MediaFile

from Jack Shafer:

OTUS and the golden age of political reporting

Just what the country needed: Another political Web site.

At the beginning of the week, ABC News launched OTUS, its political news supermarket with its top political reporters (Jake Tapper, Jonathan Karl, Amy Walter, and George Stephanopoulos) hunkering on the site's home page. OTUS threatens to dice, grind, sieve, and aerosol the complex business of campaigns and the affairs of the state into inhalable powder.

As Tapper says in this promo, OTUS (short for of the United States as in, POTUS, president of the United States, or SCOTUS, supreme court of the United States) is all about the "power moves, the mini-dramas, the scheming" in politics. Tapper promises that OTUS will flag both the "urgent and the ridiculous," offer games, display correspondents' Twitter feeds, and create a stock market-style ticker that assesses the rising and falling worth of candidates with social media.

ABC News has expanded its Web efforts at what is obviously a late date. SalonSlateTalking Points MemoYahoo PoliticsPoliticoRealClearPoliticsRed StateHuffington Post PoliticsFiveThirtyEightMother JonesNational Review OnlineDaily BeastDaily CallerRoll CallThe HillCNN Politics, NBC's First Read, Time 's SwamplandNational Journal, specialty sections at the Washington Post, the New York TimesNew York magazine, the Associated PressBloomberg News, and Reuters, as well as numerous other sites already cover the beat, and cover it well.

That ABC News would join the specialists speaks to both the audience's insatiable appetite for political news and the network's confidence that nobody owns this market. It's a good call: Such is the Web audience's fickleness, the ease with which they can skip pages, that nobody can own the market for news anymore. They can't even rent it. News organizations can't own their journalistic stars the way they used to, either. In the old days, the only place for a reporter or editor at a top-tier newspaper or magazine to migrate was another top-tier newspaper or magazine, or maybe a TV network, or maybe a career in books. But not anymore. Reporters now move from the New York Times to the Huffington Post with such regularity that the MTA is thinking of digging a special subway line to accommodate them.

Not to oversell the current scene, but the proliferation of political news sites—and my apologies to those I didn't name—means we're living in a bit of a golden age of political reporting. At least when it comes to national politics and national government, there have never been more reporters competing to break news. Not everything on the menu tastes great, but there's no denying it's a feast.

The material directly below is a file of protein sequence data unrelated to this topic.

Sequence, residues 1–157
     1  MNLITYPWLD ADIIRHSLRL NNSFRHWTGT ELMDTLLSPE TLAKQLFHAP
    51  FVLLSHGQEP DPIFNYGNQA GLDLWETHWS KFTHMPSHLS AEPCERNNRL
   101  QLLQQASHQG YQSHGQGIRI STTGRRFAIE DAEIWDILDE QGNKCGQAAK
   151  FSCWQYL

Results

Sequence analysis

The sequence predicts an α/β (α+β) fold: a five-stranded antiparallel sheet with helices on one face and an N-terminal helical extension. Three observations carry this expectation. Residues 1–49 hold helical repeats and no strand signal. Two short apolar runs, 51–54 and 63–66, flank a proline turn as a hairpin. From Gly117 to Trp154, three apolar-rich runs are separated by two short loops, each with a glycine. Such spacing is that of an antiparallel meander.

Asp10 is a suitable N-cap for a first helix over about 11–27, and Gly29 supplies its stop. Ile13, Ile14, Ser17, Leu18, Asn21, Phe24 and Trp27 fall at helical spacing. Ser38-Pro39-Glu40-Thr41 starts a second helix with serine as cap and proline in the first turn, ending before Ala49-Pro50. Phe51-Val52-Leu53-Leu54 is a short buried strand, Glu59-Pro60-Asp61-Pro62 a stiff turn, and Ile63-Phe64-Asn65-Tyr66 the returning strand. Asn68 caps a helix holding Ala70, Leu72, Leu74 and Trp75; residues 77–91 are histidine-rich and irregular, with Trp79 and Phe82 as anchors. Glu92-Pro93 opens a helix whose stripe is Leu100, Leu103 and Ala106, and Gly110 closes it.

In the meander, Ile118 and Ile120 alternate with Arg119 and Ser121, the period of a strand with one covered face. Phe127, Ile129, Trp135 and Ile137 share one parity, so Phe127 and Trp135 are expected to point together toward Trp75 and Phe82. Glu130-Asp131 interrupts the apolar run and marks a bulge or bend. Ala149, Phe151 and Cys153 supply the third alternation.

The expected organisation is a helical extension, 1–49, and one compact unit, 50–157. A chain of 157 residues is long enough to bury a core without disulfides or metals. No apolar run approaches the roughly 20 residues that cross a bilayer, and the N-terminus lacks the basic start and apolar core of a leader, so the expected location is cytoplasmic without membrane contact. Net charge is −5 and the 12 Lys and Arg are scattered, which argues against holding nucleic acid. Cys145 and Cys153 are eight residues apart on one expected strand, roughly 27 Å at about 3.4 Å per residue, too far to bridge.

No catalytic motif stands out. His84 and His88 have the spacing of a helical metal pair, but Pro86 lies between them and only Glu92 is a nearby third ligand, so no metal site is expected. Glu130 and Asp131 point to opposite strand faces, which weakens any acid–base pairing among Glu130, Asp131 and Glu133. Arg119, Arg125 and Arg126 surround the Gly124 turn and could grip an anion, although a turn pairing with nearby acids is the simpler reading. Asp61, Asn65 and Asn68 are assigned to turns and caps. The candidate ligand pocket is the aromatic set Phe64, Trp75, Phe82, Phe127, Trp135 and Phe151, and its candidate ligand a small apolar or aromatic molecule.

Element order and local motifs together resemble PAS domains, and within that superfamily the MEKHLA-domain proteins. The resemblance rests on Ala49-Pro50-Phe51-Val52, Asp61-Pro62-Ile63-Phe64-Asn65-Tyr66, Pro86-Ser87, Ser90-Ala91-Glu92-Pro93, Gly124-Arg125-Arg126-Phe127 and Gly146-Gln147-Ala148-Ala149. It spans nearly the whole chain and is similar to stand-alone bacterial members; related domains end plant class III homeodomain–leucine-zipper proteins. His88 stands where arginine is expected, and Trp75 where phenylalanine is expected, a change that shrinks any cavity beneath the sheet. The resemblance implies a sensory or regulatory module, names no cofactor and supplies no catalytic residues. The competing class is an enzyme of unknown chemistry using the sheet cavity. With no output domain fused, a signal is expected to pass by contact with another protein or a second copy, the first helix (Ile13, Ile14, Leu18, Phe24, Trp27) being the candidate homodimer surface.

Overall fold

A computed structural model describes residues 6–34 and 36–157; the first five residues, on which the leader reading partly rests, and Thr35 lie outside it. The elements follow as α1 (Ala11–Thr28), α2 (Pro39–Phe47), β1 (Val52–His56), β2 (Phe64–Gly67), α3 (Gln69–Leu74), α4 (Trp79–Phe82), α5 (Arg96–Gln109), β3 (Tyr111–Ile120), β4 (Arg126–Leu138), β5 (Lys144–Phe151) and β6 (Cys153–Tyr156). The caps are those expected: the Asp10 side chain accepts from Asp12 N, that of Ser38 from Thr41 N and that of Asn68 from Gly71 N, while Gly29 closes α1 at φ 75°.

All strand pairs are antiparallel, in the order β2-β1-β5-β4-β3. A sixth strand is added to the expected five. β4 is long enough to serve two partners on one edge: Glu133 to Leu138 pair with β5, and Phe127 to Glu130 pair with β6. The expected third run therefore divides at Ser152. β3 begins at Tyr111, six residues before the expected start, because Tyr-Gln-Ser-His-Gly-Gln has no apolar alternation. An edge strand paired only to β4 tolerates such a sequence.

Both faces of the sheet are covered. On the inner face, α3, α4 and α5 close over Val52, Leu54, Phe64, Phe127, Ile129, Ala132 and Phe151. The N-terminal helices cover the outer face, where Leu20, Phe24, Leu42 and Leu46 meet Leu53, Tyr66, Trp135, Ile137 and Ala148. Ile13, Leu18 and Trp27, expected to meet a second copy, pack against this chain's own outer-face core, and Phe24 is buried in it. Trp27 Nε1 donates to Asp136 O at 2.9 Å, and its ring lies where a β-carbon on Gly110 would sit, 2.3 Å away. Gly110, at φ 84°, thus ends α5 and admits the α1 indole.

GlobalMedia-ABC News in talks with Bloomberg

MEDIA-SUMMIT/DISNEYThe news divisions at the big networks have been in a world of hurt lately as advertisers seek out younger consumers and viewers. This has lead to big cutbacks in staffing and resources over the years as the networks strive to keep profit margins from deteroirating even further.

ABC is certainly no expectation and has experienced managment upheaval when ABC News president David Westin announced in September his departure partly due to the financial situation and the pressure to increase profit margins.  

Speculation has persisted that ABC News parent company, Walt Disney, has been seeking to untie itself from the division– rumors that similary dog CBS.

from Summit Notebook:

ABC: Don’t you know that I’m still in love with news?

I asked ABC TV chief Anne Sweeney at our Global Media Summit on Monday whether the nightly news broadcast will go away someday soon. Everyone who follows the broadcast TV business has wondered this at some time or another, particularly as fewer people tune in.

Here's a bit of that conversation, where I got Sweeney to firmly say... not much. If you're in a rush, the general message appears to be:

    News is changing along with the changing times We believe in our news operation Budgets may change (likely for the worse), but news is worth paying for We're more than our evening news broadcast (where Charles Gibson is ceding the anchor slot to Diane Sawyer), but we're not going to say one way or the other whether we'll keep it going. Me: News operation is often a big cost. Some say that evening news is losing its relevance as people get their news elsewhere. Is it possible that ABC would get rid of its evening newscast?

Sweeney: I think world news is not just about 6:30. I think World News is about being ready to provide the news whenever it happens. It's not just limited to that half hour. It's actually on all day. The ABC broadcast day opens, the network day opens with Good Morning America. ...  So we always have the ability to come in with breaking news. ... And then shows like 20/20 provide us with an opportunity to go a bit broader. And then of course there's This Week with George Stephanopoulos, which gives us the Washington beat, which again can appear in the other shows throughout the week. So it's really a manner of managing the assets rather than focusing on (the 6:30 news)